What is Japanese “forest bathing” or Shinrin-Yoku and how can it improve your mental health?


If you go down to the woods today, you’re sure of a big surprise. If you go down to the woods today, you’d better… be aware of the scientifically proven healing benefits of ‘forest bathing’. Okay, okay, so that’s not how the nursery rhyme actually goes. However, it really is true.

Having originated in Japan and China, forest bathing – or Shinrin-Yoku – can be used to help decrease undue stress and potential burn-out. Research has found that immersion in nature has human health benefits, including a decrease in blood pressure, pulse rate and reduced acute psychological distress.

Additionally, a professor from Tokyo, Qing Li, measured the activity of ‘human natural killer (NK) cells’ within the immune system of those going into the woods, looking at before and after exposure. Normally these cells offer rapid responses to tumour formation and viral-infected cells. They’re key to a healthy immune system and cancer prevention. He found that in the week following a visit to a forest, there were significant increases in NK cells in those tested, and these positive effects could still be found up to a month after spending a weekend in the woods.

How can trees help?

Eco-therapy can help to reduce the stress hormone production, boost the immune system and have an overall beneficial impact on feelings of wellbeing. This is particularly beneficial for anyone suffering with post-traumatic stress disorder, or PTSD, as symptoms of this often include feelings of hypervigilance, insomnia, panic attacks, a lack of emotional connection, and depression.

One of the best parts of forest bathing is that it doesn’t really require much from the individual. It literally means to be in the presence of trees. That could mean going for a walk in the woods, camping in woodland, taking a picnic down to an area of trees, and just generally being surrounded by green space. You don’t need to be hiking or exercising or tracking your movements on your Fitbit. It’s all about doing what relaxes you, from a gradual meander to sitting amongst the trees with a good book – or even just daydreaming or meditating. It’s not just the trees that help but the forest air too, which is packed full of goodness, including something known as ‘phytoncide’ (an oil from plants and wood), which is thought to help improve immune system functioning. Take a deep breath in!

The Shinrin-Yoku programme

While forest bathing isn’t necessarily the ultimate treatment for PTSD, it can be used for reducing or managing symptoms while waiting for treatment – or even to work alongside ongoing treatment. In 1982, forest bathing actually became part of a national public health program in Japan when the forestry ministry first coined the phrase ‘Shinrin-Yoku’ and promoted topiary therapy. They have even gone as far as spending about $4 million dollars between 2004 and 2012 to study the psychological and physiological benefits and have developed specific therapy trails from findings.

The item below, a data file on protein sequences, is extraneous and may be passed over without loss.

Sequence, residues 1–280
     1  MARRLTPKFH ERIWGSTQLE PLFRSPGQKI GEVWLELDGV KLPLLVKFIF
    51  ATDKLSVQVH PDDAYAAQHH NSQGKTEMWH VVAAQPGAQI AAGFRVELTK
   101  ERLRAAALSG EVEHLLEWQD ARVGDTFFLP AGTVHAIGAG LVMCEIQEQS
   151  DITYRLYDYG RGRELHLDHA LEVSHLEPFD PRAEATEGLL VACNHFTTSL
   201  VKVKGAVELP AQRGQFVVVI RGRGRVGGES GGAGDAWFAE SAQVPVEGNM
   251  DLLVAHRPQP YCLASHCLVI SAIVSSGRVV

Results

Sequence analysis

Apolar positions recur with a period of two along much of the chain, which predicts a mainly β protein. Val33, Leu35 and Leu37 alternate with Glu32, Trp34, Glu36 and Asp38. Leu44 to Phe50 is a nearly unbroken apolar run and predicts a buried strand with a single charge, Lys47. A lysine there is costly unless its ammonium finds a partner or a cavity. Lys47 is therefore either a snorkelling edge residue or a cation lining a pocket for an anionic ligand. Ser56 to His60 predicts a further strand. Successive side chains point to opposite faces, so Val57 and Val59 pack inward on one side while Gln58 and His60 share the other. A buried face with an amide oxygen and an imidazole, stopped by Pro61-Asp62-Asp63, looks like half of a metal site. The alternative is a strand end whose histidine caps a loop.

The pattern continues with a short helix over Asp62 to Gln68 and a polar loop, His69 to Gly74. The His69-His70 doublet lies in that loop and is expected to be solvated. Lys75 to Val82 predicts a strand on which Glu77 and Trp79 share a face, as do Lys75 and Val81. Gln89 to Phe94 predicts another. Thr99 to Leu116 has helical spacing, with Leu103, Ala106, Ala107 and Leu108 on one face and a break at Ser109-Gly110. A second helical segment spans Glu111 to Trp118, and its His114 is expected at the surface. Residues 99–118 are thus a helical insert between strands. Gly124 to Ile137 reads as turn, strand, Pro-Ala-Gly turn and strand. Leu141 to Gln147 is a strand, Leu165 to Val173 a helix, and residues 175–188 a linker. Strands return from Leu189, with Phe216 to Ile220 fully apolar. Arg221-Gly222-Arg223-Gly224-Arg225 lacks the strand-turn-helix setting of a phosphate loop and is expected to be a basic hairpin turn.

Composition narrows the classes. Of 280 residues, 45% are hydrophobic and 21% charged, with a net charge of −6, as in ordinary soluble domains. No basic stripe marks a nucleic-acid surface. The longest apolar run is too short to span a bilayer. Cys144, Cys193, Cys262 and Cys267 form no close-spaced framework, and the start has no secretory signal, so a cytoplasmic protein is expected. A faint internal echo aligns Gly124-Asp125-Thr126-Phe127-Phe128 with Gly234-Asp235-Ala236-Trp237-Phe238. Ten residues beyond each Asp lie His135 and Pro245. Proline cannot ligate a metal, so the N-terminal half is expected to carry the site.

It might not be for you

Obviously, for some this won’t be right for them – for some sufferers of PTSD, it can cause them to become very fearful or wary of going places on their own, especially if it is a quiet forest setting with a lot of unknown noises. It can often set off feelings of hypervigilance. As such, it is often beneficial to take a friend or family member along at the same time to help ease these feelings – and also because a good chat and laugh while walking is equally healing for the mind too. If nature appreciation just isn’t the right therapy for whatever reason, then that is okay too – there are lots of other ways to try easing PTSD symptoms naturally.

It’s important to note too, that while choosing your PTSD recovery path you need to address both the symptoms and the underlying condition. NICE guidance from 2005 and 2011 recommends the use of trauma focused psychological treatments for Post Traumatic Stress Disorder in adults, specifically the use of Eye Movement Desensitisation Reprocessing (EMDR) and trauma focused cognitive behavioural therapy (CBT).

Please remember, these aren’t meant to be medical recommendations, but they’re tactics that have worked for others and might work for you, too. Be sure to work with a professional to find the best methods for you.


REFERENCES: NCBI, QZ.com, BBC, Living from the Heart,

IMAGE: Courtesy of Frank McKenna

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